Risk-Benefit Assessment for Total Mercury, Arsenic, Selenium, and Omega-3 Fatty Acids Exposure from Fish Consumption in Jamaica

  • Phylicia RickettsEmail author
  • Mitko Voutchkov
  • Hing Man Chan


Fish is important in the traditional diet of Jamaicans, and the fishing industry contributes to social and economic development, as well as food security in Jamaica. However, there are associated health risks from contaminant exposure. The aim of this paper was to use risk-benefit analysis methods to determine the best fish species for consumption. Composite samples consisting of 14 fish species were collected from major fishing villages in 2016 and measured for total mercury, arsenic, selenium, and omega-3 fatty acids (EPA and DHA). Food frequency questionnaires were randomly distributed to 400 participants from different locations on the island. Participants were asked to identify the types of fish, portion size, and the frequency of consumption. An estimate of their weight was also recorded. Total mercury concentrations in fish samples ranged from 0.003 to 0.215 μg/g. The range of arsenic concentrations was 0.11 to 7.8 μg/g. The range of selenium concentrations was 0.302 μg/g to 1.08 μg/g. The mean omega-3 fatty acid concentration was 123.1 ± 93.6 mg/100 g. The fish consumption rates range from 3.2 to 1132.8 g/day. Cod fish was the most consumed species at 23.2 g/day. Four risk-benefit analysis methods were able to recommend four fish species that were best for consumption based on the levels of mercury, arsenic, selenium, and omega-3 fatty acids. They were doctorfish, parrotfish, snappers, and cod fish. The results of this study concluded that there was a low risk of mercury exposure from fish consumed in Jamaica.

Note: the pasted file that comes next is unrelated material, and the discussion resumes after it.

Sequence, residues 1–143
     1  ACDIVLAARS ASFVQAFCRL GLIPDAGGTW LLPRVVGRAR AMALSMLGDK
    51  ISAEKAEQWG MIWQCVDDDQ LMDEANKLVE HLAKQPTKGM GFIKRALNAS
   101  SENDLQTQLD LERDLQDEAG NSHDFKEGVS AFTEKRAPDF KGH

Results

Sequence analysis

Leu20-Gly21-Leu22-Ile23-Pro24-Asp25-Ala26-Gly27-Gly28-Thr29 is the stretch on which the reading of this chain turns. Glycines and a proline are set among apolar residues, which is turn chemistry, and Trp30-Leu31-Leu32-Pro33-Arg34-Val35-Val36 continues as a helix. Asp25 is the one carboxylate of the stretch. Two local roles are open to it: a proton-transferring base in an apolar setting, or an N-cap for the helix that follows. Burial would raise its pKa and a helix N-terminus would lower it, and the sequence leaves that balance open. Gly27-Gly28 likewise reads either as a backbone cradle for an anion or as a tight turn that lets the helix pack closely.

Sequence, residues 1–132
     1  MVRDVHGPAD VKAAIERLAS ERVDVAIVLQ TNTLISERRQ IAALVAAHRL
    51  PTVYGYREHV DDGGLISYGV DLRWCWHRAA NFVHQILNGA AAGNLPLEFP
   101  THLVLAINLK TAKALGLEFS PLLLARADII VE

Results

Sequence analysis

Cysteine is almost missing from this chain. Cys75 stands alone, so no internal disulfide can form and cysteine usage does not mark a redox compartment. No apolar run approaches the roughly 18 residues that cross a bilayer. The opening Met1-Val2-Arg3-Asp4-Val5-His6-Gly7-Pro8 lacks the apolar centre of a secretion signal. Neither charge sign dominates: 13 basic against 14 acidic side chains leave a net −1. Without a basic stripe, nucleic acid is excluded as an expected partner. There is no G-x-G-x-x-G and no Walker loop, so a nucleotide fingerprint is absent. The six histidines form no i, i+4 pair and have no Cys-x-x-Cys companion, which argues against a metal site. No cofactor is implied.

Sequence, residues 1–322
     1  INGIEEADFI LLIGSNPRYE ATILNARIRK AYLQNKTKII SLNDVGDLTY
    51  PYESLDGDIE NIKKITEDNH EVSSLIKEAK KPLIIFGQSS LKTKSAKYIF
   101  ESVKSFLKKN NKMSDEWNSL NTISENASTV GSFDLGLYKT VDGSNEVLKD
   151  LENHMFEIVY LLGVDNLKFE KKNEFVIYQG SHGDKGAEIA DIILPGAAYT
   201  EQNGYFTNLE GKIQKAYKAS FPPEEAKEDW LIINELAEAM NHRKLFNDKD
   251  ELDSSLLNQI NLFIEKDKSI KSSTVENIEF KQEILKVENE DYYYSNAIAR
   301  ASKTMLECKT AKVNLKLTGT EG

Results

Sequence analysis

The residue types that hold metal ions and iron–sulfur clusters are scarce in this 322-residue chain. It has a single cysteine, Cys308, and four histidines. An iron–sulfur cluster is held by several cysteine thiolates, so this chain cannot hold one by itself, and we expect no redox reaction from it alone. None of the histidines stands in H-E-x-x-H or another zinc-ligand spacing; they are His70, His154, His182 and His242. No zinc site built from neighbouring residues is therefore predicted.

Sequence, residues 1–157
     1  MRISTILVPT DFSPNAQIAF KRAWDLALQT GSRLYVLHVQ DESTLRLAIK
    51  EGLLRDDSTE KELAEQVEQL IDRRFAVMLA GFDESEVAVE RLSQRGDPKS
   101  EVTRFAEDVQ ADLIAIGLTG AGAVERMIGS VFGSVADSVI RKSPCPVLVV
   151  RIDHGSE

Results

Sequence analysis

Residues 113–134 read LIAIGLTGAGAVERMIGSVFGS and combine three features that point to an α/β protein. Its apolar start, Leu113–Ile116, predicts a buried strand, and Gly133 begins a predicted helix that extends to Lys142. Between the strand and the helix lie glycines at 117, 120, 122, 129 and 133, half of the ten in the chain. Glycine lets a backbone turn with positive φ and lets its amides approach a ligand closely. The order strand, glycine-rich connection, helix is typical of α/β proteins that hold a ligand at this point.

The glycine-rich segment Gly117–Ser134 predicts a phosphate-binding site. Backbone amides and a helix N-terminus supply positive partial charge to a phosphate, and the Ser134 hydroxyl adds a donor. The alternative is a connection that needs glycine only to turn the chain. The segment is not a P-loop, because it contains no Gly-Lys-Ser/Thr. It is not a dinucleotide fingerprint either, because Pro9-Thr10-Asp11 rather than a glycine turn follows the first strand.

Risk-benefit assessment Omega-3 fatty acid Jamaica Fish consumption Mercury Selenium 



We would like to thank Emmanuel Yumihoze for the assistance with total mercury, selenium, and total arsenic analysis. We also thank Linda Kimpe for the assistance with fatty acid analysis.

Funding Information

This study was funded by a Commonwealth Science Conference 2017 Follow-On Travel Grant from the Royal Society (CSC\R1\170037).

Compliance with Ethical Standards

All procedures performed in studies involving human participants were in accordance with the ethical standards of the University of the West Indies, Mona campus ethics committee and with the 1964 Helsinki declaration and its later amendments or comparable ethical standards.

Conflict of Interest

The authors declare that they have no conflict of interest.


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Copyright information

© Springer Science+Business Media, LLC, part of Springer Nature 2019

Authors and Affiliations

  1. 1.Department of Physics, Radioecological LaboratoryThe University of the West Indies Mona campusKingstonJamaica
  2. 2.Department of BiologyUniversity of OttawaOttawaCanada

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